You can feel the angst in the air as the healthcare plan creeps closer to becoming law despite widespread public opposition and massive fear in the business community. It's all just so much baloney. Take the so-called jobs bill that President Obama signed today. It was presented to the public as an $18.0 billion bill but is really a $38.0 billion bill when you add in the $20.0 billion set aside for construction. That amount is going to be offset by taxes on foreign bank accounts. Well, I thought last year's $860.0 billion stimulus bill was a jobs and construction bill; it was certainly sold that way. Today's bill is just a harebrained scheme that has no chance of making a difference to a job market that has lost 8.4 million jobs since December 2007. And like all the plans from the White House designed to help the nation, this one comes with dumb and discriminatory strings attached.
Employers will be allowed to skip the 6.2% contribution to social security tax and could get a $1,000 bonus if a new hire stays on for more than a year. The catch for the tax break is that the new hire must have been unemployed at least 60 days or longer. Every one of these deals has some kind of stipulation that mitigates potential success and punishes some for being more fortunate than others. As it stands, the best estimate of job growth from this bill is 250,000. As for that $20.0 billion for construction I'm not sure of the application of the funds. Sending it to states is a mistake as they will be hijacked for other uses. I'm not sure of the procedure to hit foreign bank accounts but it stands to reason the money will come from some rich people. It's anti-productive and enforces the notion that this Administration isn't going to stop until radical changes are made.
Once again there is mixed data on the economy as reflected by the Leading Economic Indicators report this morning. Only four of ten components were positive.
The Philly Fed came in slightly ahead of consensus and at 18.9, climbed month over month from 17.6. New orders dropped to a reading of 9.3 from 22.7, and shipments decreased to 13.6 from 19.7. The good news is that employment edged up to a reading of 8.4 from 7.4.
Market bias is still to the upside but needs a catalyst to get through current resistance points.
How to Spot a Winning Investment
By: Brian Sozzi, Research Analyst
This morning we sent out a Hotline profit alert (+12% since our recommendation) on Guess Inc. (NYSE:GES). Yesterday evening the company had perhaps the most robust holiday quarters relative to other mall-based specialty apparel retailers. The product was on trend with current global preferences, the business is being very efficiently run (company now goes one global line), and there were margin opportunities in each category of product due to the steep contraction in demand that resulted during holiday 2008. As background, I launched coverage for our institutional service on Guess in 2005 with a Buy rating when the stock was hovering around $14.00 and change; currently the stock resides around $47.00. So to say the holiday quarter performance was a surprise would be false. But, let's say one didn't have such intimate exposure to covering the company. Let's say Guess popped on your Bloomberg terminal for stronger than sector average operating margins and cash flow generation, or as a company paying an attractive dividend. Obviously there are reasons these items would pass your selection screen…the trends in the business are quite favorable!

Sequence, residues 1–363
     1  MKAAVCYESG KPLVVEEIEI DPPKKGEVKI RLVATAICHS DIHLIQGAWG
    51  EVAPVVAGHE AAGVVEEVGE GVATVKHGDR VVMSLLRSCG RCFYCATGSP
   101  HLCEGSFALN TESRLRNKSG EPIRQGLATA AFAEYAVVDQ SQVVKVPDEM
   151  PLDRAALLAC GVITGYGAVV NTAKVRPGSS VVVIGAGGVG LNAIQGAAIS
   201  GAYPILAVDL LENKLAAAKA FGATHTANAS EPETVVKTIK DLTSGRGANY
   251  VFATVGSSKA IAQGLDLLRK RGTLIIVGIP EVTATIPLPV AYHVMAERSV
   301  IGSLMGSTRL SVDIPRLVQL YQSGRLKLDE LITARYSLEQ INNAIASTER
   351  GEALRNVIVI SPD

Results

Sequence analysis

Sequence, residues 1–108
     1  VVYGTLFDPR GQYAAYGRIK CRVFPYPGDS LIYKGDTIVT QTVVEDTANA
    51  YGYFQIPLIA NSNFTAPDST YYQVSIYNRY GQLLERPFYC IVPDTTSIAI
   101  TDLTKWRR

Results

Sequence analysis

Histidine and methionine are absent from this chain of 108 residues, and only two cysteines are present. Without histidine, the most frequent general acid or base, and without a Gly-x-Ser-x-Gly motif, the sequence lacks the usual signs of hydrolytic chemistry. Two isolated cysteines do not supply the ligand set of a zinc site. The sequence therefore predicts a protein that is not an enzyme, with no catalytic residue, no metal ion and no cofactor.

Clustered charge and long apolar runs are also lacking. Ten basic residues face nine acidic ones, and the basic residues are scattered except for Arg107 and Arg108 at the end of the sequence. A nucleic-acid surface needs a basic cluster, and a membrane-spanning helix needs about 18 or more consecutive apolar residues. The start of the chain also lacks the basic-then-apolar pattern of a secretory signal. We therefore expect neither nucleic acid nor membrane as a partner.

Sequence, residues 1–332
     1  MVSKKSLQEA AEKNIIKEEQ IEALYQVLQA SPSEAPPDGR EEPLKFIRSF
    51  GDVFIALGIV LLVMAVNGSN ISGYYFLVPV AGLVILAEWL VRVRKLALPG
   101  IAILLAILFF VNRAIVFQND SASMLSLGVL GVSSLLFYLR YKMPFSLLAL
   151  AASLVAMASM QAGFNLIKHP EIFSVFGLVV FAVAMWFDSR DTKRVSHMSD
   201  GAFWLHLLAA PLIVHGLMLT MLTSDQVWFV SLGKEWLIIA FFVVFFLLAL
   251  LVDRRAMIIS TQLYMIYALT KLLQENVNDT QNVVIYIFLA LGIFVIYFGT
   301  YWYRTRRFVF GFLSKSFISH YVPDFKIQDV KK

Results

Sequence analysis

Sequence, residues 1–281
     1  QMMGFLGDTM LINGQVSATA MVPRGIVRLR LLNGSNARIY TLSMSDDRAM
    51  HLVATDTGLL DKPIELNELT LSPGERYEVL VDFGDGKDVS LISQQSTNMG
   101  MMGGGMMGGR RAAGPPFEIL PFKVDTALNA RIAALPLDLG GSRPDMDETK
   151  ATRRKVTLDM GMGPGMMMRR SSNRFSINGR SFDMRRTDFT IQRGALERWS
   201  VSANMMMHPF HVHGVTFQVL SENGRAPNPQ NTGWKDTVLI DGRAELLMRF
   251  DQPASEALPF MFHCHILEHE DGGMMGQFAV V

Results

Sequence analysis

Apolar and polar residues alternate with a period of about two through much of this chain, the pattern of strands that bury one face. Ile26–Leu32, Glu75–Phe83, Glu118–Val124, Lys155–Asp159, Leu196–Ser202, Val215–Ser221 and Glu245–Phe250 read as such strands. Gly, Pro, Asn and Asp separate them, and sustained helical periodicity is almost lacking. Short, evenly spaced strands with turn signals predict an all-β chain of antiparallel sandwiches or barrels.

Take a glimpse of the tables I put together below of Guess' business segment performance dating back to 2008. I will provide a few hints (leaving some out of course) at what I see in the numbers, and you are more than welcome to send me an email (firstname.lastname@example.org) detailing your findings. If you can spot key fundamental trends in the tables below, you are well on your way to properly thinking about companies in terms of would be investments. I reason there at least 10 to 15 observations that can be gleaned from the tables, all of which shed light into an effective operation that is gaining share on a global scale.
* European segment revenue increasing faster than other segments.
* European segment operating margins the highest among the various lines of business.
* U.S. retail segment producing sales growth ahead of peer base.
* U.S. retail segment producing industry leading operating margin rates.